Does this show that whilst in theory it is possible to be in a marriage and de facto relationship, in reality the dynamic of secrecy mitigates against a genuine domestic relationship being found? Perhaps by raising issues specific to “mistress” cases including their “practical constraints” due to secrecy Ms Jonah forced the Court’s hand in addressing outright the application of 4AA to such cases.

Outcomes for “mistresses” still obtained in the shadows?

However, an absence of judgments in “mistress” cases does not mean outcomes are not negotiated outside of Court. I think enough doubt exists post Jonah & White, to leverage settlements from cheating spouses. Thus the impact of the case may be felt.

Importantly Judge Murphy stressed that a couple do not need to be living together even half the time and it is unclear what the minimum time is. Judge Murphy stressed it is the “nature of the union rather than how it manifests itself in quantities of joint times.” [66]

Even though Ms Jonah did not succeed, in keeping the amount of time vague, not formulaic, the door remains ajar for “mistress” cases since by their nature time together is limited.

In this hot house of uncertainty and potential public embarrassment, parties are more likely to resolve matters outside Court. The stakes are high due to a threshold issue of if the de facto relationship existed which creates a zero/ sum result motivating parties to take control of their own destiny as to the outcome.

On a practical level, consider the reality of such cases. In the substantive proceedings, the wife would be joined as a party to the proceedings as her property interests would be affected. In addition the husband may face a war on two fronts from his “mistress” and wife both seeking a property adjustment. The husband would probably agree to an early settlement to simply avoid any of these unpleasant permutations. Although Mr White “won” the appeal, this is a scenario where the phrase “process is punishment” could apply in family law. Surely cheating spouses would have watched on with horror and determined to avoid this at all costs.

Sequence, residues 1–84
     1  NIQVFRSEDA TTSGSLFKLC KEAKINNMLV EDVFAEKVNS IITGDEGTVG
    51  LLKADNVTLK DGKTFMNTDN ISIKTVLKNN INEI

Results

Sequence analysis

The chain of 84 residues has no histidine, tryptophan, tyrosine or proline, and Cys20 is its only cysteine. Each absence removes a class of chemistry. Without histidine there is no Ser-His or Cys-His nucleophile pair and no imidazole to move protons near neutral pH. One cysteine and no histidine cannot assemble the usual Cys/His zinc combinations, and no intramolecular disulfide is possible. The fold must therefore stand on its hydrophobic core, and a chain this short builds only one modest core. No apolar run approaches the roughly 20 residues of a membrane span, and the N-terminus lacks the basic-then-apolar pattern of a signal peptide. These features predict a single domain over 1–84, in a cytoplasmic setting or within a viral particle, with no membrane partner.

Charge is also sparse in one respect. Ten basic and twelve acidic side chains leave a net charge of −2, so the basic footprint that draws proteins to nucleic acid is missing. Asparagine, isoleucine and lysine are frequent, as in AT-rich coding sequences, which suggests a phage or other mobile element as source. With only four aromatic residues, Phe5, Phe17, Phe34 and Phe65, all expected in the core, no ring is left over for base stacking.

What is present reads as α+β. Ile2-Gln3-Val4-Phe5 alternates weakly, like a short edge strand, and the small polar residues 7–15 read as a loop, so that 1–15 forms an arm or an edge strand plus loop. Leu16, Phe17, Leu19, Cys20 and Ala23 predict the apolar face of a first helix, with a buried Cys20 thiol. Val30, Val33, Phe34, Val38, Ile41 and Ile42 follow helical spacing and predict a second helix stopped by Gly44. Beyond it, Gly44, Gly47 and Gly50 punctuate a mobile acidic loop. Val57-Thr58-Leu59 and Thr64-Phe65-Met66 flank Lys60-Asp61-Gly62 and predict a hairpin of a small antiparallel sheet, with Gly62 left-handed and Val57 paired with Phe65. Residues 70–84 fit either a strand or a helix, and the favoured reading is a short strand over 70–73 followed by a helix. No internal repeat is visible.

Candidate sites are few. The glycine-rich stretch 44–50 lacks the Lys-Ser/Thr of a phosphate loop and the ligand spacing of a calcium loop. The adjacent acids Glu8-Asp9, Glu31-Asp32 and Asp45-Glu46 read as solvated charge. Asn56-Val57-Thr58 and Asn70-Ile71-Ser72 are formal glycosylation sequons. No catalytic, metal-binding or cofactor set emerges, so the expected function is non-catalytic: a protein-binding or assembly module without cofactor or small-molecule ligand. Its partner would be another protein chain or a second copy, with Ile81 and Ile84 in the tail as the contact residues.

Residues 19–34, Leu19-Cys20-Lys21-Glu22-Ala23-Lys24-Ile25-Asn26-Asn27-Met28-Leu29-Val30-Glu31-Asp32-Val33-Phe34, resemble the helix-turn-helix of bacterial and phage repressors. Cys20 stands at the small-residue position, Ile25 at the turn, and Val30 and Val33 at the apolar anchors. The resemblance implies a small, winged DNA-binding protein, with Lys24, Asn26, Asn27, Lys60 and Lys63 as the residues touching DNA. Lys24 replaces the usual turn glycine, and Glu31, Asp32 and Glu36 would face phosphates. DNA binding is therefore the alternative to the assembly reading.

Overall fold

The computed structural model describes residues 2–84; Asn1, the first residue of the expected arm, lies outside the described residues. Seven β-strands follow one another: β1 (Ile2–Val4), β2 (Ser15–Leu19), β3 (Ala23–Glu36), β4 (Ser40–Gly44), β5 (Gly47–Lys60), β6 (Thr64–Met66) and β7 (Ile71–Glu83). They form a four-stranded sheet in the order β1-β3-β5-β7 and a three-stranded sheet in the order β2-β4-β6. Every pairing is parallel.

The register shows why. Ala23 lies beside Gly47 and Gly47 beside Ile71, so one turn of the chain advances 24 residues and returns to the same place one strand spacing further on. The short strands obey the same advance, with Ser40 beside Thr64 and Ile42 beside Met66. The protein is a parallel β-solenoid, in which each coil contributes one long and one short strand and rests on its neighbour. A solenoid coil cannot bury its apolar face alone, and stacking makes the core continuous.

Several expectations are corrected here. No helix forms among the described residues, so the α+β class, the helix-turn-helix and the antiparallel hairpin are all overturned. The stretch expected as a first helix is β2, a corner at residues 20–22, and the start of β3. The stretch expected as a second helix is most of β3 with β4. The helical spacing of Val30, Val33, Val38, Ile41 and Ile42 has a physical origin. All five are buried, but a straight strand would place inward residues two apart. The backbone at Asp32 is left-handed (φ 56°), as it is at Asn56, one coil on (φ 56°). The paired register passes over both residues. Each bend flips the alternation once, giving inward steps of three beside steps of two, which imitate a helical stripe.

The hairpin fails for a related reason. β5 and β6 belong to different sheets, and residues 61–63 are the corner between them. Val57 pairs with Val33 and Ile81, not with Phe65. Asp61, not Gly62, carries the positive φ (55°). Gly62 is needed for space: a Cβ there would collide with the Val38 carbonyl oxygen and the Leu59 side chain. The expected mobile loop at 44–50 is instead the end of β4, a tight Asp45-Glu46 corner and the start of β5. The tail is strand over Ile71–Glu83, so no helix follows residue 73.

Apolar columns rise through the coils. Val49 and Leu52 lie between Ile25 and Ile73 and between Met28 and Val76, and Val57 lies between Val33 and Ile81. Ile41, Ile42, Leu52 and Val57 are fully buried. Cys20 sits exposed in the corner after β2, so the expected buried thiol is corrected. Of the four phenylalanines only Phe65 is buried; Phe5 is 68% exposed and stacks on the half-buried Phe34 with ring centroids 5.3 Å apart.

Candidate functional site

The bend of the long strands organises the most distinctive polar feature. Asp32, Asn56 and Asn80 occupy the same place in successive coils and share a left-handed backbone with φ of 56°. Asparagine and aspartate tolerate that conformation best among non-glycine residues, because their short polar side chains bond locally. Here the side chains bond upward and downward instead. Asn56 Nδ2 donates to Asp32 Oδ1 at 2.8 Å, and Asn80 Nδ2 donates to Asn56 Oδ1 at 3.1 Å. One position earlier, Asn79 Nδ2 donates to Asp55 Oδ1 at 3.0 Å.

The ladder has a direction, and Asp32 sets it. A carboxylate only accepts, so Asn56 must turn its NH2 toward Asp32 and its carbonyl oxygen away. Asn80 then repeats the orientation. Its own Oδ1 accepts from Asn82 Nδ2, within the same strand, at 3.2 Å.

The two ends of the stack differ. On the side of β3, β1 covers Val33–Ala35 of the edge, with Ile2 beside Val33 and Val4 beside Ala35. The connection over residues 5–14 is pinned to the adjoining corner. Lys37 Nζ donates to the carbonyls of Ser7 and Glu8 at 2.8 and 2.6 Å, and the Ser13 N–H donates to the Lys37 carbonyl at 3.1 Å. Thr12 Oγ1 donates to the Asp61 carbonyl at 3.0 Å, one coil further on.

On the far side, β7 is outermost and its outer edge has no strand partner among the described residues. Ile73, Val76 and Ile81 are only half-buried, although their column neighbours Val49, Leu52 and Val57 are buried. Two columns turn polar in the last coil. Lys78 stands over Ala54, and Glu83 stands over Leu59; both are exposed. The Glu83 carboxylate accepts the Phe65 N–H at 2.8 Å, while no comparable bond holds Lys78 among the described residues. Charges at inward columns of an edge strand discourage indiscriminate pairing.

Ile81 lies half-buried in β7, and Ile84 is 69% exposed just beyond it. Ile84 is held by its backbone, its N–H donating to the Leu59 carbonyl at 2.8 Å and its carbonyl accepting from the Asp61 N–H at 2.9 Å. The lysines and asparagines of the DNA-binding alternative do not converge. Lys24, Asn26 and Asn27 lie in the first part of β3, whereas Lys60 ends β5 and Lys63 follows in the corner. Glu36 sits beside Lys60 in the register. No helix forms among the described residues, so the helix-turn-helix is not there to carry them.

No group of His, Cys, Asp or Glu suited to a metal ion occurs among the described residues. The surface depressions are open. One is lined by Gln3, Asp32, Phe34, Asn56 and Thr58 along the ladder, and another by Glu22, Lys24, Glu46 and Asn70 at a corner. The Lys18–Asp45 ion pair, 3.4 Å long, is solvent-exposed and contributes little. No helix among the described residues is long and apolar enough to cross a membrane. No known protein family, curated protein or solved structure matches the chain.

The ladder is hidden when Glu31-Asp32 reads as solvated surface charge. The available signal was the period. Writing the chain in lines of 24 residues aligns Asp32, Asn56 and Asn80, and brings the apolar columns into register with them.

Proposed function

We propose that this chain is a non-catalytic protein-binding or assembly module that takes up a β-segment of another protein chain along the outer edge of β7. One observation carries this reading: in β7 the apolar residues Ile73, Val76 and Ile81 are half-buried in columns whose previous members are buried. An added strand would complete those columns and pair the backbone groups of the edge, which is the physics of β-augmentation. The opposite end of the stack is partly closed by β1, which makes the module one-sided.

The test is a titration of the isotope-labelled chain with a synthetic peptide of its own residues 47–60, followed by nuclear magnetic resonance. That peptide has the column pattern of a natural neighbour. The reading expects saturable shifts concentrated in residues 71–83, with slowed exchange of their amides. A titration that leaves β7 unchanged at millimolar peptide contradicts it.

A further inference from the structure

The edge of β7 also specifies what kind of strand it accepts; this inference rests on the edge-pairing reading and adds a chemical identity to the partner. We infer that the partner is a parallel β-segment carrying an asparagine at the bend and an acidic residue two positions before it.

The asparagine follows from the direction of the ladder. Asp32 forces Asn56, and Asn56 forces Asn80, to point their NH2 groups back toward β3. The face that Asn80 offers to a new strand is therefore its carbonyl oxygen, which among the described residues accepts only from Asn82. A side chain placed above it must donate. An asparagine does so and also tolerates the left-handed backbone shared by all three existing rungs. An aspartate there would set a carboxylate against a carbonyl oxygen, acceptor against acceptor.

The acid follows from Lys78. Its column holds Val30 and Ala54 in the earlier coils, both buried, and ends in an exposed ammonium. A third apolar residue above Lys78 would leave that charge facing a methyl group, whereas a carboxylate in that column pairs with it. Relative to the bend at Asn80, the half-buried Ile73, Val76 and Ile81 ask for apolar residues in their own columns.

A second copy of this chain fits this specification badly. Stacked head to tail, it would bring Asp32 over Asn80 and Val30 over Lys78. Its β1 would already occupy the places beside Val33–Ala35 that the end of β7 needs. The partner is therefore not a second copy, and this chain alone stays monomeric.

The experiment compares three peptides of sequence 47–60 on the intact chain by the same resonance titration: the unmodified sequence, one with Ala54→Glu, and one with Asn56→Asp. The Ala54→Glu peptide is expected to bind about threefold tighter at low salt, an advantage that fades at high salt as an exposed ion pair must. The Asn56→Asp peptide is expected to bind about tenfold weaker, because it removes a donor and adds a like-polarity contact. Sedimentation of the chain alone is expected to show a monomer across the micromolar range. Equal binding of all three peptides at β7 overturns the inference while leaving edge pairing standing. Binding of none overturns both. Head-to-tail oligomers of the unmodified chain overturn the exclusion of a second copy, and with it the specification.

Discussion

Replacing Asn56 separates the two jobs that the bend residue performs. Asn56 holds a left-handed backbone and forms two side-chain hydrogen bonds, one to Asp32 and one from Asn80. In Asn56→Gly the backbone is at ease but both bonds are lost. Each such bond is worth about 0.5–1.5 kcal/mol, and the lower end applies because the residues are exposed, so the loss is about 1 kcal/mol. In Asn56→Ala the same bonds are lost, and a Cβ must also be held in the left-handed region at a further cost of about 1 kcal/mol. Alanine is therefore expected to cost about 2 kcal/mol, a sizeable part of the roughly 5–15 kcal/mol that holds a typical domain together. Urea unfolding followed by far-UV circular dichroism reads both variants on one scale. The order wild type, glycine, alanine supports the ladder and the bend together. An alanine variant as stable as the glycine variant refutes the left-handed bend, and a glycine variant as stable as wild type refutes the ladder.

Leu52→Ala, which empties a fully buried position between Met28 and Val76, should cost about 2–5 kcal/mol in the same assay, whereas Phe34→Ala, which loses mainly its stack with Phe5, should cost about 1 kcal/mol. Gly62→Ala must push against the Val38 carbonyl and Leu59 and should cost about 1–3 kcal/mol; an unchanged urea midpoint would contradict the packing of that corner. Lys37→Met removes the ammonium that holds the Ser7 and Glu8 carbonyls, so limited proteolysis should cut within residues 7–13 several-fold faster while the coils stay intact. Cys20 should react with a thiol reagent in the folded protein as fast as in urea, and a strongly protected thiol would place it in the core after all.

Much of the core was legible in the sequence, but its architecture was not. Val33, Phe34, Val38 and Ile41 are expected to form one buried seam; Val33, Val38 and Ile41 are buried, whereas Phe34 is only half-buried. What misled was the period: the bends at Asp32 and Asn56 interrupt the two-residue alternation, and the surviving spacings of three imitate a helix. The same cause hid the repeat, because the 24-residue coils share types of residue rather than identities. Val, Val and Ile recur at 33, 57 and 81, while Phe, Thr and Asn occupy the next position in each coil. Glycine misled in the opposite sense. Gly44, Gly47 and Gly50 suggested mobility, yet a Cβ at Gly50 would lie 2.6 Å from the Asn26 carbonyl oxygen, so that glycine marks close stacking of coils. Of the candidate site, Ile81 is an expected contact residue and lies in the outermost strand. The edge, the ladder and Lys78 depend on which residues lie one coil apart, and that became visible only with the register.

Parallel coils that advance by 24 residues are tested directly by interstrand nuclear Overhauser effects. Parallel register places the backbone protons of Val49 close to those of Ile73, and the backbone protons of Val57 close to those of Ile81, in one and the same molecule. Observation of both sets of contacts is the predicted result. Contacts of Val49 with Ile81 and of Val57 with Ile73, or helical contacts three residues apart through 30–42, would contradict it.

If the matter was resolved by Consent Orders, Part N of the Application requires the Wife as a third party to sign off on the deal. Again in reality the desire of the husband to keep matters secret would continue after the relationship. It makes sense that a secret affair is ended by a private Binding Financial Agreement, with a confidentiality clause. It is also possible some matters that we never hear of are resolved by no more than a handshake and a hope.

Afterthought: the deeper problem behind law being unclear

Perhaps the law is unclear because it is by its very nature messy stuff to define relationships which today extend beyond the 1950s white picket fence variety. This highlights an underlying problem in treating de factos and married people the same. Dare I ask the question: perhaps it is just easier for everyone if de factos and married persons were not treated the same?

Carrie Bradshaw from the TV Show “Sex and the City”, (the zeitgeist of modern relationships) says: “The Eskimo have hundreds of words for snow. And we’ve invented three times that many words for relationship. But the more words we invent, the harder it becomes to define things…. what really defines a relationship?” (Season 4, Episode 3)

In law, how do we define – in a way that is fair and consistent – what often eludes objective determination? In the real world relationships are subjective. Even Murphy J said when tussling with the parties’ evidence, neither was seeking to deliberately mislead, but their evidence was “affected significantly by the fact that their recollections” were “refracted through the prism of their own perceptions of the relationship”. Surely they are not alone in this regard.

In this moveable feast of undefined relationships, there is one way a couple can define their relationship. Marriage could be the sign a couple consciously wish to be treated as having a “mutual commitment to a shared life” including entitling their partner to make an application for a property adjustment if and when the marriage ends. Of course, this opens a Pandora’s box of problems (including obviously that not all people can marry in Australia). Thus another possibility may be that only registered de facto relationships be treated the same way as married people as registration shows a conscious decision? I am simply saying there is a problem with people unknowingly sliding into a relationship that is viewed by the law in different way than they intended.

If de factos (or non registered de factos) and married couples were treated differently this could free people from the fear of being captured by legislation they did not anticipate being captured by and allow them to knowingly live in the grey area of relationships until they are ready to make a black and white statement.

Leave a Comment

Previous post:

Next post: